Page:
Crash only won because the academy members had trouble voting for a movie about Israelis commandos killing Palestinian terrorists (even though it was made by Spielberg).  The other choice was Brokeback Mountain which had it’s own controversy due to it being about gay cowboys.

8: 2002

The Winner


Who should have been the winner

The Pianist

Roman Polanski’s outstanding warrant for statutory rape definitely hurt his amazing movie about the survival of a Polish Jew during WWII and caused The Weinstein’s to take home gold with their movie adaptation of the musical about morally deficient men and women in the swing 1920’s.  Surprisingly, Polanski got a best director statue, but his movie’s own gold was not to be even though it was clearly the best movie of the year.

7: 2012

The Winner


Who should have been the winner

Les Miserables

The academy love to bestow Gold on their favorites and when the director’s branch voters didn’t give a nomination to loved actor Ben Affleck, the whole academy fought back and showered his movie with Gold. Affleck is the 6th actor to direct a movie that won the top prize (Robert Redford for Ordinary People in 1980, Richard Attenborough for Gandhi in 1982, Kevin Costner for Dances With Wolves in 1990, Mel Gibson for Braveheart in 1995 and Clint Eastwood twice – for Unforgiven in 1992 and Million Dollar Baby in 2004 are the others).  IMHO, Les Miserables is one of the best musical adaptations ever done and it was clearly the bets movie all-around of 2012.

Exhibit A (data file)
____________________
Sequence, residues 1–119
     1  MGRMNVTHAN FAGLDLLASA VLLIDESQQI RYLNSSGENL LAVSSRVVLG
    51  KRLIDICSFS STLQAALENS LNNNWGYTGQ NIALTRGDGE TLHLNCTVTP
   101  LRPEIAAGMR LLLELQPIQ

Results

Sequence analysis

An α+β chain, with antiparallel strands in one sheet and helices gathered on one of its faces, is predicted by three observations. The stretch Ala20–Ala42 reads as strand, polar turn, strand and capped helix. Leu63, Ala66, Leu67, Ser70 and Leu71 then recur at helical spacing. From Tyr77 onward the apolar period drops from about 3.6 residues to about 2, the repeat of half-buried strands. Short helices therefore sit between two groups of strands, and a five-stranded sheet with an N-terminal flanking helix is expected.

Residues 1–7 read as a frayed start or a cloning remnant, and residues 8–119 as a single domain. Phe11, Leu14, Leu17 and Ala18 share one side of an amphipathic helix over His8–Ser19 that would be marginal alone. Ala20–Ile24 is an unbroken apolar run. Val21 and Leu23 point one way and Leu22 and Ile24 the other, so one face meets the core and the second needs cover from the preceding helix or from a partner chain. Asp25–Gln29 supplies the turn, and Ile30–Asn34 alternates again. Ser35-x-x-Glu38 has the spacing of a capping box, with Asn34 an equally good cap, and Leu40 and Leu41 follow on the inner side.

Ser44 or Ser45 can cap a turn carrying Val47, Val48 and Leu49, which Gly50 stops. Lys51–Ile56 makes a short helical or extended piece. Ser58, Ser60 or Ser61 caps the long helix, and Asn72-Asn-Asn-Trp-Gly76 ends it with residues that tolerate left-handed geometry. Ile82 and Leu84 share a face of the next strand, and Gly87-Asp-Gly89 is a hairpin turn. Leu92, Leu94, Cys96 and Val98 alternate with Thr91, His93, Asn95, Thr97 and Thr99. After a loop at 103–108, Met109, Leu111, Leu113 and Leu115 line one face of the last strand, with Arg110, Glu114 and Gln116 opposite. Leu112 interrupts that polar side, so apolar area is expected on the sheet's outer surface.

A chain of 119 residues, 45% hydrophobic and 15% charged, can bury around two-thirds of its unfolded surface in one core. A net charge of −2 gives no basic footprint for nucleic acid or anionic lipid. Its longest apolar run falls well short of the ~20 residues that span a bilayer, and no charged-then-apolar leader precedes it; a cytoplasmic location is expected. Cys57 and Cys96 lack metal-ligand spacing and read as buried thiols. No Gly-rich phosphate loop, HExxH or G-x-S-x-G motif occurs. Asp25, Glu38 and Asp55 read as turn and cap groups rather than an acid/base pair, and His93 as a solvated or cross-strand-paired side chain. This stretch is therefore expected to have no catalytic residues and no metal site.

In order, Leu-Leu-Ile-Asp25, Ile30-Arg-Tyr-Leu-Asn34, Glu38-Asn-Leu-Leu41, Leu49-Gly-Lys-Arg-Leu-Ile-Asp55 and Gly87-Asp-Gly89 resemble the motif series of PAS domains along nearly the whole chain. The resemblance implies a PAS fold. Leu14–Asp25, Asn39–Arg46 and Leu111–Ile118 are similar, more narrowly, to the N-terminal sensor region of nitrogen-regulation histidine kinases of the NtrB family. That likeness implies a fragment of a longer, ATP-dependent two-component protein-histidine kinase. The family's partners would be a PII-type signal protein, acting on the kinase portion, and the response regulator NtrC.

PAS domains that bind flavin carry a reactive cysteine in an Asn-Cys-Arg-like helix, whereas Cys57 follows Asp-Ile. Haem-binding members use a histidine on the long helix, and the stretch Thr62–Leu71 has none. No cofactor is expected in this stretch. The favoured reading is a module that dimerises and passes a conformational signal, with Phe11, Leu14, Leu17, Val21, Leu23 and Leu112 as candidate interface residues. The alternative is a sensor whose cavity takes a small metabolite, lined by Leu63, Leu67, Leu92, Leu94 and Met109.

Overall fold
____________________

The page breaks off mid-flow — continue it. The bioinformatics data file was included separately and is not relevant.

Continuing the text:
6: 1948

The Winner


Who should have been the winner

The Treasure of the Sierra Madre

Sir Lawrence Olivier’s depiction of the Danish Prince is quite a boring rendition, but for 1948 it was a breakthrough movie and performance that would open many doors for future Bard movie adaptations.  Story-wise, the movie doesn’t break any new ground, but apparently the thespians in the academy chose to honor it with gold even though the John Huston directed Western-mystery was clearly a better story and movie was left in the cold. Huston won best director and screenplay that year proving that it was probably just a way to appease the Brits into making more movies for American audiences.

5: 1963

The Winner

Tom Jones

Who should have been the winner

Anything else would do…

Tom Jones is such a terrible movie (I think it’s the worst Best Picture ever) that I cannot understand for the life of me why it would be even closely perceived as the best movie of the year.  Any other movie that came out in 1963 was probably better (and if not, we should be happy they still make movies).  Admittedly, I haven’t seen any of the other 4 nominated movie (yet), but if they are all worse than this one, I have 4 really terrible movies to look forward to watching.